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Robots feel the flesh

An eye ready to cut

Does the idea of a robot cutting into your eye with a scalpel make you shudder? Surgical robots have a major advantage over direct human surgery. They eliminate hand tremor. At the moment it isn' an autonomous robot doing the surgery, but one controlled by a surgeon. In the old days all surgery was done directly with the surgeon holding a knife and feeeling the flesh as it was cut into. That ability to feel and the dexterity of a human hand is important to a surgeon. In recent years keyhole surgery has taken over for many operations. Rather than opening you up, a small cut is made through which a minute camera can be put together with instruments that in effect areono the end of a wire. This has several problems - the surgeon loses the important sense of touch, their dexterity with the scalpel is reduced, and the natural tremor of their hand is magnified by the long tools.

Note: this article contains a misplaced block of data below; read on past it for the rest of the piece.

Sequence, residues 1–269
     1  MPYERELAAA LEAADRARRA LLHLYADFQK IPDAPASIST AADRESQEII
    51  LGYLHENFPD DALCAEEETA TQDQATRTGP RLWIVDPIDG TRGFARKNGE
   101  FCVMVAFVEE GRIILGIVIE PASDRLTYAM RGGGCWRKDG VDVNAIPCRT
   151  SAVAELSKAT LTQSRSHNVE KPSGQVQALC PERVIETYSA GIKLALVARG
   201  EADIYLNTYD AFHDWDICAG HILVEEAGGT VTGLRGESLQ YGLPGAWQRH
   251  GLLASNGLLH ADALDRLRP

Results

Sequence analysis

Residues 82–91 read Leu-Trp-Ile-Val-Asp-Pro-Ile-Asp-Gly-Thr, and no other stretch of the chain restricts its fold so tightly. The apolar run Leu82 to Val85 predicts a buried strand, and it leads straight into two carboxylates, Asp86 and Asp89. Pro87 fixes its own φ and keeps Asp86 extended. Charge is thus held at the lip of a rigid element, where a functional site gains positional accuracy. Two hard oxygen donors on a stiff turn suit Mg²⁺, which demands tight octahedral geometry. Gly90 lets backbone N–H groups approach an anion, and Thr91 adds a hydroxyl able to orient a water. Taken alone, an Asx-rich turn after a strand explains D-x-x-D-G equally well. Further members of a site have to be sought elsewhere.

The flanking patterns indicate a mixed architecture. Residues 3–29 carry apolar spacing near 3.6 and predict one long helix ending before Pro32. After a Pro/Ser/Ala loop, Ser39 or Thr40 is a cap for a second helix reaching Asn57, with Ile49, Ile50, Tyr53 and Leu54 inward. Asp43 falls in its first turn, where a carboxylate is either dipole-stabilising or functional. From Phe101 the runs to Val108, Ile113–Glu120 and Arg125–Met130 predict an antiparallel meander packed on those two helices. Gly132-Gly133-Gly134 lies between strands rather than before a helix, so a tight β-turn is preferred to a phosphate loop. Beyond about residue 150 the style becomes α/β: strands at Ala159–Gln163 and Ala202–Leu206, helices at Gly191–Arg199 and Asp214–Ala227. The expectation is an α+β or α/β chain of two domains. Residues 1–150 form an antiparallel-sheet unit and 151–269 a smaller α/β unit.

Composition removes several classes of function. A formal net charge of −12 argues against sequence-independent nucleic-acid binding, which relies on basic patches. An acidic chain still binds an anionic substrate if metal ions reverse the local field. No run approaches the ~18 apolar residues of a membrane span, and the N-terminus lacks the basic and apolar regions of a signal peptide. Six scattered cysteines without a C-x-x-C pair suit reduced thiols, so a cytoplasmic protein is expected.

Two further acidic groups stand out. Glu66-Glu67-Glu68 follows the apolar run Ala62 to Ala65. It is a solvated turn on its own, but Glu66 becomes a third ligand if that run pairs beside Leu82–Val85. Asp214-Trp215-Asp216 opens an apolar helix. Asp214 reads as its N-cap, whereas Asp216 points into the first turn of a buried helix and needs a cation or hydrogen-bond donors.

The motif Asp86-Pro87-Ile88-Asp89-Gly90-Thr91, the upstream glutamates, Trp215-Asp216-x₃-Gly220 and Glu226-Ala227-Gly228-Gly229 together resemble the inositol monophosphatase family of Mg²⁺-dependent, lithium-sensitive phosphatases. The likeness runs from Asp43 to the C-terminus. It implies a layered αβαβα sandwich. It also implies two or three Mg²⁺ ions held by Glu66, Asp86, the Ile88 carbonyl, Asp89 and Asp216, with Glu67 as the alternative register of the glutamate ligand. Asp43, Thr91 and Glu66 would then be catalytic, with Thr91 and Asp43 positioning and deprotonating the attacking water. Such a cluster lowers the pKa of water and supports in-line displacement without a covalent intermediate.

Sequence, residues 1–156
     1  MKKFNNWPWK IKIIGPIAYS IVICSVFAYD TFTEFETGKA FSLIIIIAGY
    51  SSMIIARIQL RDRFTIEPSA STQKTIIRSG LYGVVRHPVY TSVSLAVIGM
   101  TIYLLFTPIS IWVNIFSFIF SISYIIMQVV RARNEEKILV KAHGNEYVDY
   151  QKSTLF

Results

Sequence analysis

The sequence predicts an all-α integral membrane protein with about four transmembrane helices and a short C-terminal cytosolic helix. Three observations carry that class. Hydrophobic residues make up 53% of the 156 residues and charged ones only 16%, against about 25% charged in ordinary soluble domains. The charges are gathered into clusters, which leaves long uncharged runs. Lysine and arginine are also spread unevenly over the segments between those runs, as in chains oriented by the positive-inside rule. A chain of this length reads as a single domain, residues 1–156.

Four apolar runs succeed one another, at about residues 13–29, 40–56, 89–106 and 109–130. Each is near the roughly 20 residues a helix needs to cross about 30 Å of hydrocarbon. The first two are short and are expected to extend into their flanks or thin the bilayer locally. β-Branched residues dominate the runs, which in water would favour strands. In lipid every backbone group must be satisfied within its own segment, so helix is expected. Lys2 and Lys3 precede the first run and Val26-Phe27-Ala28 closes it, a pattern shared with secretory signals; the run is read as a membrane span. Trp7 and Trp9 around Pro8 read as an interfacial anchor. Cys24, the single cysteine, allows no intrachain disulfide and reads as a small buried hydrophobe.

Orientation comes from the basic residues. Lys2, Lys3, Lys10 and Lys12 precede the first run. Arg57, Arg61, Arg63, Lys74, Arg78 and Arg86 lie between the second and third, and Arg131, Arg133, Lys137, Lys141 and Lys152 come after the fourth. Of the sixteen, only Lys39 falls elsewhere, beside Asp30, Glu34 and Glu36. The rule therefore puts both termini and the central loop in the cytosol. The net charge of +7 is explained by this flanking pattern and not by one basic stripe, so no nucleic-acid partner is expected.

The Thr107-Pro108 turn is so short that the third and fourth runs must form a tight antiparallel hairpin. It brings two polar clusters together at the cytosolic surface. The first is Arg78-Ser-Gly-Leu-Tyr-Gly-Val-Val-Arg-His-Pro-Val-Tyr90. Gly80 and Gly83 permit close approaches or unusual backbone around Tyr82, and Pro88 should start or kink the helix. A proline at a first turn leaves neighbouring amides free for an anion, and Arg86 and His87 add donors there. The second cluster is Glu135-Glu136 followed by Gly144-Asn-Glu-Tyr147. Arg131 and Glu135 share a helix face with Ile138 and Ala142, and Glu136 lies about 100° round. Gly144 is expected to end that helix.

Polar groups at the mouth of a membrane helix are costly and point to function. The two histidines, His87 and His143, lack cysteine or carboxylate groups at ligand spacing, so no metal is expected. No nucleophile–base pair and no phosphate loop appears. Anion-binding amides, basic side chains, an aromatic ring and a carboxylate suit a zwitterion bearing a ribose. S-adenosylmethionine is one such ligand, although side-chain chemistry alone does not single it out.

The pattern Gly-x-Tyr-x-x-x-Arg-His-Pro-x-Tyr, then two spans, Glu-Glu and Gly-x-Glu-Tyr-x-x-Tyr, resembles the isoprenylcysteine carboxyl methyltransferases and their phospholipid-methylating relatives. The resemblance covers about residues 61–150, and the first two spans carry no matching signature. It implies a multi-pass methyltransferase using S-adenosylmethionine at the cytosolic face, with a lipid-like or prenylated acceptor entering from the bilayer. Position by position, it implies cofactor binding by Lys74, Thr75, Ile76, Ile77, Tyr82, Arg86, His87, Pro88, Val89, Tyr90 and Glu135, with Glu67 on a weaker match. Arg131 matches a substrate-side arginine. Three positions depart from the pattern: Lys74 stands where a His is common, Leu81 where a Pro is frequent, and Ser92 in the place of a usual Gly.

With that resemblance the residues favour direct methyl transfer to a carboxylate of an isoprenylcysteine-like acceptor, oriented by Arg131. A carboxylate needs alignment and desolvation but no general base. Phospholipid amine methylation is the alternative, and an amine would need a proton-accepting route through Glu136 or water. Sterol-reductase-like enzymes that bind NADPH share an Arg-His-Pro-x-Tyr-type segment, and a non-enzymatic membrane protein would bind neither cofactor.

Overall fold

Try pointing your finger at something at arm's length. Focus on the tip of your finger. Keep it absolutely still if you can...if you can your are either a trained marksman or your heart isn't beating. That tremor is what a surgeon has to control. A robot doesn't - even if its just following the actions of the human.

Computer interfaces have focussed on our sense of sight - we see the information presented by the computer. Sight is only one of our senses though. We use the others in very subtle ways without noticing, until we lose the sense. The sense of touch is one such sense, and computer scientists are starting to restore it to our interactions with computers. Now even when operating through a robot, the surgeon can feel the knife pushing through the flesh and when the knife touches bone, rather than just see it on the camera monitor. For it to work, takes an awful lot of computer science - modelling the different tissues and simulating their feel back in the instruments. With each improvement the computer science is making surgery safer.